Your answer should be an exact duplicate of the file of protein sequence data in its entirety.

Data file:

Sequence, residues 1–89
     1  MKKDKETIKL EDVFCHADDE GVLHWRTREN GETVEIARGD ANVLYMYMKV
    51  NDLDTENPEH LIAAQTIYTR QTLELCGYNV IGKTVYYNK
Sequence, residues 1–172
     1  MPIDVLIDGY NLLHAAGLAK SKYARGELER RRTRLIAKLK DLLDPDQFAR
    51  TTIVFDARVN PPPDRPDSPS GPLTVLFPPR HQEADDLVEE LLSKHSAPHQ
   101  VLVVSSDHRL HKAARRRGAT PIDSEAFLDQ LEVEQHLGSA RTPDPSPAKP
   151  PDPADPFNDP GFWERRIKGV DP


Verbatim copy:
Sequence, residues 1–89
     1  MKKDKETIKL EDVFCHADDE GVLHWRTREN GETVEIARGD ANVLYMYMKV
    51  NDLDTENPEH LIAAQTIYTR QTLELCGYNV IGKTVYYNK
Sequence, residues 1–172
     1  MPIDVLIDGY NLLHAAGLAK SKYARGELER RRTRLIAKLK DLLDPDQFAR
    51  TTIVFDARVN PPPDRPDSPS GPLTVLFPPR HQEADDLVEE LLSKHSAPHQ
   101  VLVVSSDHRL HKAARRRGAT PIDSEAFLDQ LEVEQHLGSA RTPDPSPAKP
   151  PDPADPFNDP GFWERRIKGV DP